October 22, 2013 | 11:18 PM - Posted by Jerald Tapalla (not verified)

This is the first time I just sit and read a long article with my focus just on it. Very nice article, very informative especially for me who is new to this kind of stuff. Thanks for this.

October 22, 2013 | 11:38 PM - Posted by Josh Walrath

Thanks for reading the entire thing!  Ryan will thank you as well!

October 22, 2013 | 11:57 PM - Posted by Onehourleft

Great writing Josh. Also it was nice to visit your archives for the first time. I enjoyed both articles.

October 23, 2013 | 01:29 AM - Posted by MeezyATL (not verified)

Some great articles from the PC Per staff this week. Keep up the good work.

October 23, 2013 | 05:06 AM - Posted by thinkbiggar (not verified)

Can you run that thing in SLI? Also did it cause you to loose all your hair?
I bet the prices stayed the same but not with inflation. Don't tell marketing people about inflation. Once they learn about it we are all screwed.

October 23, 2013 | 01:11 PM - Posted by Josh Walrath

I lost my hair because I got married and had kids.

October 23, 2013 | 07:01 AM - Posted by WantT100 (not verified)

This is a stunning article, this is why I visit Pcper every day. Ryan give the man a bonus!

This article is up there with Scott's "The Windows You Love is Gone" stunner a year ago.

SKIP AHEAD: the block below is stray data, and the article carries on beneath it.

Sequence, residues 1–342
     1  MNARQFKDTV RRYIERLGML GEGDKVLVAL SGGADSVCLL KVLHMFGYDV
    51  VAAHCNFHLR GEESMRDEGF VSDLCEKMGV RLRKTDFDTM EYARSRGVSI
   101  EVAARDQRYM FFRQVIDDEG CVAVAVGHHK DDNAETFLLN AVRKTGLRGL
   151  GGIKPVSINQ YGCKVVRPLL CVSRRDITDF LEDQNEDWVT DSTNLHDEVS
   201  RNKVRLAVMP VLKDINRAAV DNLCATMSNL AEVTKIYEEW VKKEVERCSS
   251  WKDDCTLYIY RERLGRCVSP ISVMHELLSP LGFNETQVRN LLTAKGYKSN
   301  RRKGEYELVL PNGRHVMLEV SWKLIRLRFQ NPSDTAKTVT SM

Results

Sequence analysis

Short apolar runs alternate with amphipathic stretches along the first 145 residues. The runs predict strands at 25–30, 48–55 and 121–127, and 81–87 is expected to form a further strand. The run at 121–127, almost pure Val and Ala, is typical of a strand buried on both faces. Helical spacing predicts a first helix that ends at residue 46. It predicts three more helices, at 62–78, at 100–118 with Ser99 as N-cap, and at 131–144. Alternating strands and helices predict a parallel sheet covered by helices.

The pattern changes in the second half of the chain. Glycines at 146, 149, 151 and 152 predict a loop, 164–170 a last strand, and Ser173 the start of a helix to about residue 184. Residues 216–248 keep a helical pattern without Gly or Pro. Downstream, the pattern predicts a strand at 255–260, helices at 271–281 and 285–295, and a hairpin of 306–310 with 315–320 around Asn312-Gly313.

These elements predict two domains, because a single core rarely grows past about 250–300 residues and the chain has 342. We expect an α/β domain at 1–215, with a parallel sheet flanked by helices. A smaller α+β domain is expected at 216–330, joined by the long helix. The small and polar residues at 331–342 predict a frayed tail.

http://www.pcper.com/reviews/Editorial/Windows-You-Love-Gone

October 23, 2013 | 08:13 AM - Posted by Anonymous (not verified)

These kind of delays are to be expected. The smaller you go, the indiviual effects become that much ore pronounced. Instead of treating the design as a whole or in smaller but relatively large units, more research needs to be done in examining each and every change occuring within the system. Very time consuming and expensive. I will not be surprised if there are further delays. The break-neck speed of development had to come to an end some time.

Not disappointed about delays but very much expected. Can´t keep throwing money and expect it to pay dividends immediatly. My 2 cents.

October 23, 2013 | 12:46 PM - Posted by Josh Walrath

Yup, you are likely correct.  What we often don't hear about is how closely the fab engineers work with the designers.  The amount of back and forth work and information they do is pretty staggering, especially with these next generation nodes.  This simply isn't a "we are finished with the design, send it to the Fab guys and they can figure out the rest!" situation anymore.

We are also seeing the pure-play guys working to amortize their investments in current process nodes... because the next gen stuff is so expensive.  Gotta pay those bills.  They only hope that Intel will slow down, cause those guys don't clear $3 billion a quarter like Intel does.

October 23, 2013 | 10:25 AM - Posted by blitzio

Amazing article Josh, thank you for an informative read. I feel thoroughly educated.

October 23, 2013 | 10:29 AM - Posted by Max KreFey

Great article Josh! Thank you from cold mother Russia! :D